(Start here)
Introduction

(PART I)
The Decision

(PART II)
The Lead-up

(PART III)
Race & Caste
in Thind

(PART IV)
The Aftermath

Coming
Soon
(PART V)
Today
THE LEAD-UP
The "Asiatic Barred Zone" of 1917

The Problem: A 5-part Series
[Start here: read the introduction to this 5-part series]

The 1923 Supreme Court decision barring South Asians from citizenship was the culmination of decades of anti-South Asian sentiment in the U.S., marked by xenophobic rhetoric, racial violence, and restrictive immigration legislation.

Here’s some background: South Asians began immigrating to the United States in larger numbers nearly 130 years ago, beginning in the late 1800s. These early immigrants were primarily Sikh men from the Punjab region of British India, who mostly settled in the western parts of the United States (California, Oregon, and Washington) and western Canada (British Columbia). For the most part they worked as laborers, on farms, fields, lumberyards, and mills.

Footage of Punjabi Sikh laborers in California (1914).

There were smaller numbers of South Asians who came to the United States as students, pursuing their education at universities across the country — and a handful of others, who came as merchants, religious leaders, travelers, or for other purposes. There was also an early wave of Bengali Muslims, first peddlers who settled in port cities like New Orleans, and later lascars (ship workers), intermarrying into Black and Puerto Rican communities in New York, Baltimore, and elsewhere. It was almost exclusively men though, because restrictive immigration policy made it nearly impossible for South Asian women to immigrate to the U.S. There were a small number of exceptions however, like Anandibai Joshee, who completed her medical degree in Philadelphia in 1886, and Kala Bagai, who arrived in San Francisco in 1915 with her husband and three sons.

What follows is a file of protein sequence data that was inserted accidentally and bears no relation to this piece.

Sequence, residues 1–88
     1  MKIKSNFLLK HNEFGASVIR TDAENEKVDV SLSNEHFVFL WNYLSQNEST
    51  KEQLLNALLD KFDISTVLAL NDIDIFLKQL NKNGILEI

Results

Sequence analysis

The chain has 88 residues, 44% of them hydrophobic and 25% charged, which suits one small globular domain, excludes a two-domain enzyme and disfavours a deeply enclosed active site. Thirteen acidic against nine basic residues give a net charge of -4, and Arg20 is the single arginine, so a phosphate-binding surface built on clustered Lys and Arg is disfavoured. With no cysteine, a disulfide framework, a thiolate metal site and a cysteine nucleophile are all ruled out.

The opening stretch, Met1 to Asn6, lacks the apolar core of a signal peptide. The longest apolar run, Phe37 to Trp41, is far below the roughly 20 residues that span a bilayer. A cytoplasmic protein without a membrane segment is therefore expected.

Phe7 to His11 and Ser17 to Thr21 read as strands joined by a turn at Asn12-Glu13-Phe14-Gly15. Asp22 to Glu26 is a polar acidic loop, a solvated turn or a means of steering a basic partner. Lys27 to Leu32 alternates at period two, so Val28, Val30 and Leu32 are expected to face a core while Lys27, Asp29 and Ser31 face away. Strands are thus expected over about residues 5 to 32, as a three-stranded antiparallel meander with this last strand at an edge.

The harsh reality that these early immigrants faced was one of overt racism and xenophobia. A newspaper headline from the San Francisco Call in 1906 gives a sense of the sentiment in the country at that time: “Our First Invasion by Hindus and Mohammedans,” it declared.



And another, from the lumber town of Bellingham, Washington on September 16, 1906: “Have We A Dusky Peril? Hindu Hordes Invading The State," it proclaimed.



Less than a year later, there was a race riot in that same town, where the group of Punjabi laborers who had settled to work in the lumber industry were attacked and violently chased out of Bellingham by a mob of approximately 400-500 white men. This act touched off anti-Asian mob violence in other parts of Washington, California, and British Columbia.

The xenophobic popular sentiment in the country was also reflected in Congress. Beginning with the Chinese Exclusion Act in 1882, Congress started passing a series of laws tightening restrictions against Chinese migration.

As a response to the increasing immigration from South Asia in the early 1900s, legislators searched for a way to exclude South Asians as well. Eventually, on February 5, 1917, exclusionists succeeded in overturning a presidential veto by Woodrow Wilson to pass a law barring anyone traveling from a defined "Asiatic Barred Zone” from entering the United States.



The barred zone included "India, Siam, Indo-China, parts of Siberia, Afghanistan, and Arabia, the islands of Java, Sumatra, Ceylon, Borneo, New Guinea, Celebes, and various lesser groups with an estimated population of 500,000,000." Congressman John E. Raker of California a proponent of the Act explained: "we ought to make our laws sufficiently strong as to … exclude all Asiatic laborers now, so that there will be no question in the future.”

The anti-immigrant sentiment of the early-1900s is painfully reminiscent of the political and social climate of today. In fact, it was almost exactly 100 years to the day after the "Asiatic Barred Zone" of 1917 was created that President Trump signed Executive Order 13769 (commonly known as the “Muslim Ban”), on January 27, 2017, barring those from Iraq, Iran, Syria, Yemen, Sudan, Libya, and Somalia from entering the United States.

The Thind decision, just six years after the 1917 Immigration Act, further suppressed the possibilities for the nascent South Asian American community. Not only did it prevent Thind and others from becoming U.S. citizens, but it also stripped citizenship from those who had already done so.

You can read more about the parallels between 100 years ago and today in Tides, our online magazine:
• "Shadows of the Past" by Dr. Kritika Agarwal
• "From 1917 to 2017" by Dr. Seema Sohi
• "Beyond the Muslim Ban" by Dr. Sherally Munshi

(Start here)
Introduction

(PART I)
The Decision

(PART II)
The Lead-up

(PART III)
Race & Caste
in Thind

(PART IV)
The Aftermath

Coming
Soon
(PART V)
Today